Resolutely passionate


So what will your New Year’s Resolution be? Will you even bother I wonder? Why even think about it when you know you’ll just give them up after a few weeks and settle back down into old habits, which are as familiar as the time-worn Christmas carols you’ve just been singing for the umpteenth time?

Except this year it could just possibly be different.

This year you could chose to do something that will change the very heart of how the gospel is heard and received in our time. You could determine to alter just one tiny little thing that might have a snowball effect, and so create a chain reaction that will – like dominos – knock everything over.

And no, I’m not trying to persuade you to change your mind about a sincere belief that you hold.

I’m talking about something quite different. Very different.

I’m talking about how we chose to see the world – the metaphorical glasses we put on each morning. Of course, many may well already be wearing them – in which case perhaps a little clean might be in order?

It’s just I’ve noticed a worrying trend recently, something that seems to becoming a norm – particularly amongst Anglicans. Maybe I should have more faith, and trust that God is in control – even if we can’t always see him at work. After all, the darkest part of the night is just before the dawn isn’t it?

You see we Brits seem to have a habit, perhaps honed by our politicians, of steering clear of difficult issues that we don’t know the answer to. If you don’t believe me, think of our attitude to immigration, to Syria and to the problems in the NHS. We close our eyes and wish that they would all just “go away”. Disappear. Vanish. For out of sight is out of mind, and quite frankly we’ve too much else on our plate. So we slide the issues silently to one side into the “will someone else please deal with this pile”. It’s like that news story we’d rather not listen to, so we flick the remote and watch another channel instead.

But the problem is that left untouched and in the dark these issues just continue to fester, the sores get deeper until the whole body begins to suffer. They will never “just go away” – indeed they will grow and eventually become life threatening. Like that annoying knocking sound in a car engine, it will become worse and worse until there’s suddenly a loud bang, where the whole vehicle is brought to a shuddering halt.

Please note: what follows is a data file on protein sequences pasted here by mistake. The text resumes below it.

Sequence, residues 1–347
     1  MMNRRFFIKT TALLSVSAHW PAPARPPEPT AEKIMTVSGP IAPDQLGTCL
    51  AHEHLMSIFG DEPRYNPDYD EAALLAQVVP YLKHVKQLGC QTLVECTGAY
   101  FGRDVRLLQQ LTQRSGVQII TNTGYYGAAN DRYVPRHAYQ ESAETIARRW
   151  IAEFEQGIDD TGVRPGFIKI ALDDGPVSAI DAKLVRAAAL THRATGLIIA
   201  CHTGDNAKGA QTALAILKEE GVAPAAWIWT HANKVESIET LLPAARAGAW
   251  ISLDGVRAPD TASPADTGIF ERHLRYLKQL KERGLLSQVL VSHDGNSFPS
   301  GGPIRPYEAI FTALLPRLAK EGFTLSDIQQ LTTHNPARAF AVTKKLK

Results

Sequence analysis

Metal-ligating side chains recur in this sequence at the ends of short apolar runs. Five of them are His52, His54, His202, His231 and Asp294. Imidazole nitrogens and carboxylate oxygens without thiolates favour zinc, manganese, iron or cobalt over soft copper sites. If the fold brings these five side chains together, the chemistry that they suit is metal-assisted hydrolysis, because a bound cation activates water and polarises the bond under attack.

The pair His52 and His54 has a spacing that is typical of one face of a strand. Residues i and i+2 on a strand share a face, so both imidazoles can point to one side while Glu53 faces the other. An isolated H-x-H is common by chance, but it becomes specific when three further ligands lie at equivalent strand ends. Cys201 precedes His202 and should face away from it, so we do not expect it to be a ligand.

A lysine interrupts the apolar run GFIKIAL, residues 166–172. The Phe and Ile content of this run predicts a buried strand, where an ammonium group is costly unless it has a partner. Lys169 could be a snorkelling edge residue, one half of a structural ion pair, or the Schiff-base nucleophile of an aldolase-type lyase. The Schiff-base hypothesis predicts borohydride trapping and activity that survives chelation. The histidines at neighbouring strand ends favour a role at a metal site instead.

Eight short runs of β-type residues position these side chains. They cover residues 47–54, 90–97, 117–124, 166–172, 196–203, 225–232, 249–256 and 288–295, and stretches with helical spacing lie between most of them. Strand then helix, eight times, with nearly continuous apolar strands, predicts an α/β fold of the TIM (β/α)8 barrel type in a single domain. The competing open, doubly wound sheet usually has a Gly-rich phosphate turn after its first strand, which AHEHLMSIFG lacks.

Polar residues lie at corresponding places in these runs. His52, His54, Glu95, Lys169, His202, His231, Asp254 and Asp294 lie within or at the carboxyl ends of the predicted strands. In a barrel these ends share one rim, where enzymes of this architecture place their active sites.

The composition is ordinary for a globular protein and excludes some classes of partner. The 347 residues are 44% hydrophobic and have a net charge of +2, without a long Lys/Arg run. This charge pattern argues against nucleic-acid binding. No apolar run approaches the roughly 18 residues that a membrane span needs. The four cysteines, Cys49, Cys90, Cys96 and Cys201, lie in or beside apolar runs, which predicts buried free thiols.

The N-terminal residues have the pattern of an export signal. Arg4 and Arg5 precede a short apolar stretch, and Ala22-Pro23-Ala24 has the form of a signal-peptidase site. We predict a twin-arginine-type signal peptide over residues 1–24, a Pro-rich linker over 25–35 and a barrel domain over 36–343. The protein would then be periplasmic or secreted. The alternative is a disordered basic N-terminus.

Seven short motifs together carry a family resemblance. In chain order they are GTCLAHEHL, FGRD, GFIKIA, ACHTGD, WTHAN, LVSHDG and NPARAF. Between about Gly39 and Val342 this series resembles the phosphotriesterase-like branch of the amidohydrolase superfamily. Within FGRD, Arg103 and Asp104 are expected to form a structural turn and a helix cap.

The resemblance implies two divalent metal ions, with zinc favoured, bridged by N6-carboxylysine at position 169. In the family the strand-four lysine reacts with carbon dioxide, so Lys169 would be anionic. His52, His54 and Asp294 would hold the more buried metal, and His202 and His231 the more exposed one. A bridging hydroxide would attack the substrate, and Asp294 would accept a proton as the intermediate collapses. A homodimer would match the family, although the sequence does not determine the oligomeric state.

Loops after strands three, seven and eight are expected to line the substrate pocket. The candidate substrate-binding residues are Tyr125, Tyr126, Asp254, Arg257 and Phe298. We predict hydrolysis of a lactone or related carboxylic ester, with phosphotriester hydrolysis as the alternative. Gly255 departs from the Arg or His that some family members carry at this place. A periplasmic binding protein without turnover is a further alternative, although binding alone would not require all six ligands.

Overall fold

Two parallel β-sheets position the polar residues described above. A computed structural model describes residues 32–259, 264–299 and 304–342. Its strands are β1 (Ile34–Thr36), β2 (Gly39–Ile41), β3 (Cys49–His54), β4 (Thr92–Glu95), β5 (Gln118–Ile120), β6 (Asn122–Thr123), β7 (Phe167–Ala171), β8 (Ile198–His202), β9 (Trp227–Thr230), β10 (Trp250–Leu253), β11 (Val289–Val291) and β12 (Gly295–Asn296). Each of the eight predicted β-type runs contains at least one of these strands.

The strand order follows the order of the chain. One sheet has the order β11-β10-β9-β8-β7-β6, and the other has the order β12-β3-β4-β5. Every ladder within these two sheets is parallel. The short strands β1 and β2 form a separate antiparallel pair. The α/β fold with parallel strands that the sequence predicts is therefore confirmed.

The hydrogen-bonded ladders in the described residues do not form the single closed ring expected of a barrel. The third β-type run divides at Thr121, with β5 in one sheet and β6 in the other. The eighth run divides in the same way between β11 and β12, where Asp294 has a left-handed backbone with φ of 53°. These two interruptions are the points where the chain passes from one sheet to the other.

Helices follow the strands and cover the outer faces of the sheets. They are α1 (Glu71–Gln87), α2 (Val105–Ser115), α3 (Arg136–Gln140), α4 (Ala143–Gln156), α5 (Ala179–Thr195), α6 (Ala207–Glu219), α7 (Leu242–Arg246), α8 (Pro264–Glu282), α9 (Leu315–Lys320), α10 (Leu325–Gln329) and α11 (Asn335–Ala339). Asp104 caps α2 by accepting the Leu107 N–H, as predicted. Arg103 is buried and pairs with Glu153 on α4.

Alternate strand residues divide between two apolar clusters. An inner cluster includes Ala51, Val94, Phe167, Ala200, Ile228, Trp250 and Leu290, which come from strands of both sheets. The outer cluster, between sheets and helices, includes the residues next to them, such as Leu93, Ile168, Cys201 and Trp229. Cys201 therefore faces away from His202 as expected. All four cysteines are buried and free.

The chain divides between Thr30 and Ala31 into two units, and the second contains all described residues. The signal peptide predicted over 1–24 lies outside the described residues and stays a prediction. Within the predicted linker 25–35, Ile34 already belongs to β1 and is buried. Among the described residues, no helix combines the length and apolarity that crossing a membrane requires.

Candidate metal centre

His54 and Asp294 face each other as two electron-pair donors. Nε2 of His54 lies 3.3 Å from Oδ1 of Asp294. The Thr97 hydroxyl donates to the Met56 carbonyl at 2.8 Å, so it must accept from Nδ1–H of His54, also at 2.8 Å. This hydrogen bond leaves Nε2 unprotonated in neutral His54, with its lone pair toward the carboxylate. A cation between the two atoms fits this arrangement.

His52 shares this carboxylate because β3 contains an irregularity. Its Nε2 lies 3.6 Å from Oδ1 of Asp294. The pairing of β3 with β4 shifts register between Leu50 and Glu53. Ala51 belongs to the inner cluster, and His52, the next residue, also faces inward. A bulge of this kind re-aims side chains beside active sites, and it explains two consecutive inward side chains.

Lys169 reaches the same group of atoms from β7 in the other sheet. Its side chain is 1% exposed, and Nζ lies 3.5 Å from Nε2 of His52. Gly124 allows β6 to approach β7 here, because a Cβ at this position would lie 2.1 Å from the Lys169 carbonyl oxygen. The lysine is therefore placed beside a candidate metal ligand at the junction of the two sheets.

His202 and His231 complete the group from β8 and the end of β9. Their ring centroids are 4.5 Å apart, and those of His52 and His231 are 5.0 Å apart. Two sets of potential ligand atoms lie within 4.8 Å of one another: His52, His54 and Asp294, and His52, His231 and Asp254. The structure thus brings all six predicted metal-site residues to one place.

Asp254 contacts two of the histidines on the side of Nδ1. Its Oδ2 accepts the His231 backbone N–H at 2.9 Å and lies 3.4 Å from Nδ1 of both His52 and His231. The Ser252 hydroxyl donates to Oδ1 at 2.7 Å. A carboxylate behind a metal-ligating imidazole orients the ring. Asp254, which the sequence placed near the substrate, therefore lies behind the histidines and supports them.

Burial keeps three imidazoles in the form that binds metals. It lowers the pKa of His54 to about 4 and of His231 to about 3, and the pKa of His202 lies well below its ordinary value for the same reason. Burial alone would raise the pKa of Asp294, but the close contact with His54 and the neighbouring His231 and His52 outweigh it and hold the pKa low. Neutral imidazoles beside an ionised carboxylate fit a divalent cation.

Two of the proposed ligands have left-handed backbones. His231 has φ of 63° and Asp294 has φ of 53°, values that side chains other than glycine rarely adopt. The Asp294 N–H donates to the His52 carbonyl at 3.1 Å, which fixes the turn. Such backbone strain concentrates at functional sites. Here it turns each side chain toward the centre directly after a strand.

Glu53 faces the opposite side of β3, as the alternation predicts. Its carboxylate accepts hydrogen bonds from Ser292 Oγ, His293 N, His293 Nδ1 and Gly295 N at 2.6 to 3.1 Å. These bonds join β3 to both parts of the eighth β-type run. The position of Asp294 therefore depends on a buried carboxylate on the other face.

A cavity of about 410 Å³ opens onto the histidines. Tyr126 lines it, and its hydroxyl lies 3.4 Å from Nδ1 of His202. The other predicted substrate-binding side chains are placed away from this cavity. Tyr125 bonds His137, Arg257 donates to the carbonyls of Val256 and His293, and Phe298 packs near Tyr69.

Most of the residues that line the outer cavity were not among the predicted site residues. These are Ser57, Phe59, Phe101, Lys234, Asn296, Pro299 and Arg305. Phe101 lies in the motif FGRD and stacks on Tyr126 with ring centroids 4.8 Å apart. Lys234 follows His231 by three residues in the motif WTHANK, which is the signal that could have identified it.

So, just to be completely clear what I’m talking about – we LGBT Christians are not going away. We’re here to stay. We’re part of the Body of Christ too – just like you. We’ve had enough pain. Enough rejection. Enough judgement. Enough of being slandered as “pedophiles and perverts”. We are your sons and daughters, your neighbours and your friends. We are decent, honourable human beings who just want to be able to live normal lives like you do – we want the joy of being loved, of being chosen, of being desired and adored.

So please don’t “switch channels”! Don’t turn off and pretend that we are someone else’s problem – because we’re not. We all belong to one Body of Christ – as we all share in one baptism, one faith and one hope.

So please, I implore you, make one simple and small New Year’s resolution – decide not to avoid this critical issue. Don’t leave it for others to sort out. If you’re unsure about where you stand – talk to people you trust and discuss it together. Better still – talk to some gay Christians, or contact any of the LGBT Christian groups.

You see, I passionately believe that the greatest evils at work in our Church today are the Twins of Fear – the Fear of the Unknown, and the Fear of Change. It is these fears that keep people locked in their prisons of ignorance and prejudice, where they buy into slanderous stereotypes that demean and dishonor parts of the body, their own body, that they are unfamiliar with. As we know, the only thing that will cast out these fears is the passionate self-sacrificing love that comes from above, which like an antiseptic balm will treat our festering wounds and allow peace once again to reign in our hearts.

So then, what will your New Year’s Resolution be? Might it be to stop side-stepping the difficult questions? Will it be to engage in a debate you have hitherto avoided? Are there hidden fears that you know you need to address? Do you need to clean your glasses so that any smudges are wiped away?

Whatever the issue, can I suggest there is one resolution that is so small and simple, yet has the power to transform us all – ask the Lord of the Passion to give you his Passion for that which you fear the most!

For godly passion transforms us all.

Published in Church of England Newspaper.

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